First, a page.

Yes. The taxpayer must designate that the donation is directed to a Qualifying Charitable Organization (QCO) or Qualifying Foster Care Organization (QFCO) that is certified by the Department of Revenue (DOR). DOR will no longer publish a list of umbrella organizations. In order for the donation to qualify for the individual income tax credit, the umbrella organization will need to provide a receipt designating that 100% of the donation will be distributed to the named QCO or QFCO.
As an alternative to donating to a specific QCO or QFCO, an umbrella organization may set up specific funds in which 100% of the monies donated to the funds are distributed to either QCO or QFCO charities. The taxpayer may donate to one of these funds but the umbrella organization will need to provide a receipt certifying that either 100% of the fund money donated will be distributed to QCOs certified by DOR or 100% of the fund will be distributed to QFCOs that are certified by DOR.

Can donors claim any portion of their contributions to Qualifying Foster Care Charitable Organizations as credit for donations to a Qualifying Charitable Organization?

No. Donations to Qualifying Foster Care Charitable Organizations (QFCO) will be claimed on Arizona Form 352. A contribution to a QFCO does not qualify for, and cannot be included in, a credit claimed on Form 321 for contributions made to a Qualifying Charitable Organization.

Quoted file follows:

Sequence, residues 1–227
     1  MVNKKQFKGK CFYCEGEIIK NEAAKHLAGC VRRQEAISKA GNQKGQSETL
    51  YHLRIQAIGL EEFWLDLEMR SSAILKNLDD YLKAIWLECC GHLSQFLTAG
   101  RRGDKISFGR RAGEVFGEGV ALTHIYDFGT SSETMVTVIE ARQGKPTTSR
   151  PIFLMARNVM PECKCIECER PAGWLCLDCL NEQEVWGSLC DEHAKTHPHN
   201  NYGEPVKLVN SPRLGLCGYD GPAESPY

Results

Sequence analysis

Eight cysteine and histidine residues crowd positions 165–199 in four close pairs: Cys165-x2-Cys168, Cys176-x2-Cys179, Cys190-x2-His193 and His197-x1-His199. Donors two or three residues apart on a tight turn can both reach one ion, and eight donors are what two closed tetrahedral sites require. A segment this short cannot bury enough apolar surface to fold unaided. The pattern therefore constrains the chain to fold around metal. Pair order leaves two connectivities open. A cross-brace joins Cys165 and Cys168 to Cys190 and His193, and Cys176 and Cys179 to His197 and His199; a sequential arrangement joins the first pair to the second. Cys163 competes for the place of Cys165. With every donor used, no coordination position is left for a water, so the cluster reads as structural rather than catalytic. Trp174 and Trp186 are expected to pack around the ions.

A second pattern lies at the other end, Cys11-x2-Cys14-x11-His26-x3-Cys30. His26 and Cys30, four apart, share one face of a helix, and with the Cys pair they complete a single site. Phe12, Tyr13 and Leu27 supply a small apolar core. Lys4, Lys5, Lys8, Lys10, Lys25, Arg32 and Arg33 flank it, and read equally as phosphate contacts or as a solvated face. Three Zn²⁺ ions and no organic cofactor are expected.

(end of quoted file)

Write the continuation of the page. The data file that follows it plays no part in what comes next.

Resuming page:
Do donor contributions to Qualifying Charitable Organizations and Qualifying Foster Care Charitable Organizations influence the amount that can be claimed for each credit?

No. Beginning with the 2016 tax year, donations to Qualifying Charitable Organizations and donations to Qualifying Foster Care Charitable Organizations will be claimed as separate credits with separate limitations for each. Because these are nonrefundable credits, the total amount of each credit that a taxpayer may use for the taxable year cannot be greater than the tax liability shown on the tax return.

What is the period for making eligible contributions?

Beginning with the 2016 tax year, credit eligible contributions made to a Qualifying Charitable Organization or Qualifying Foster Care Charitable Organization that are made on or before April 15th (the 15th day of the fourth month following the close of the taxable year) may be applied to either the current or the preceding taxable year and is considered to have been made on the last day of that taxable year.

Where is the Working Poor Tax Credit?

What was formerly known as the Working Poor Credit is now officially known as the Credit for Donations made to Qualifying Charitable Organizations. This change was made in 2013 to reflect the expansion of the credit to include foster care organizations. Your organization should refer to this credit as the Credit for Donations made to Qualifying Charitable Organizations in your materials and for anything you provide to your donors. Donors who search for information from the Arizona Department of Revenue using the terminology “Working Poor Credit” will be unable to find current information.

For more information contact:

Jaclyn AaronsCooke
Arizona Department of Revenue, OERA
P.O. Box 29099
Phoenix, AZ  85038

QCO@azdor.gov
602-716-6282
602-716-7991 fax